Wheelchair basketball is one of the biggest draws at the Paralympic Games. The game is played five-on-five, on standard-sized courts with standard, 10-foot hoops.
The rules are similar to able-bodied basketball, with a few changes to accommodate wheelchairs in the game. An example is the “travelling” rule: in wheelchair basketball, athletes cannot touch their wheels more than twice after receiving or dribbling the ball before they pass or shoot.
As in other Paralympic sports, men and women of varying disabilities are eligible to play. Athletes are categorized numerically according to their ability to maneuver and shoot -- from 1.0 (athletes with limited functions) to 4.5 (athletes with greater abilities.) Teams cannot exceed 14 points on the court, so strategic use of athletes with different abilities is part of the competition.
Wheelchair basketball is an intense contact sport. Athletes know they must be fast, strong, and ready to get hurt.
• Top rivals in both men’s and women’s competitions are Australia, Canada, Great Britain, and the U.S.A.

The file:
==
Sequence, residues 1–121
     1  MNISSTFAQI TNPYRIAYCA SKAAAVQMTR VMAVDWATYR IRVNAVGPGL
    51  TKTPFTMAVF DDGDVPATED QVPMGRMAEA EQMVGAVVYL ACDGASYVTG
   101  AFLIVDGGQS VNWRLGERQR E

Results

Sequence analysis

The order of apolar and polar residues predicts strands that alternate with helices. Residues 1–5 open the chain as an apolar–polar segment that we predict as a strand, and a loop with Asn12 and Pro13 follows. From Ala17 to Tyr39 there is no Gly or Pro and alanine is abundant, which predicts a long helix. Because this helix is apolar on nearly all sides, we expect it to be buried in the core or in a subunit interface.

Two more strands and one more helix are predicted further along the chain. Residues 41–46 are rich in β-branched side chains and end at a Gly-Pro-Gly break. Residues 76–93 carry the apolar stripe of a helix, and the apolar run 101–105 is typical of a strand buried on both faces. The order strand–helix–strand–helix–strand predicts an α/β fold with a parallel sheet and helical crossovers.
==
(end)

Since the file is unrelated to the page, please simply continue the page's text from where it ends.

• The U.S. women’s team won gold in the 2004 and 2008 Paralympic Games. The U.S. men’s team is eager to avenge its medal-less performance in Beijing, and showed it by winning gold at the 2011 Parapan American Games in Guadalajara, Mexico. Paul Schulte is a key player for Team USA, contributing 16 points to the Parapan win.
Paralympics 2012 Competition: Aug. 30 – Sept. 8
To be eligible to play basketball, athletes must be physically capable of propelling a manual wheelchair with their arms and have a disability in one or both legs.
Athletes are grouped by their ability to maneuver, hold the ball, and shoot. Numbers start at 1.0 for athletes with limited functions, and rise to 4.5 for athletes with greater functionality on the court.
The total points for all five athletes on the floor can be no more than 14 at a time. If an athlete with a higher rating is inserted into play, another with lower ratings may also need to replace a teammate.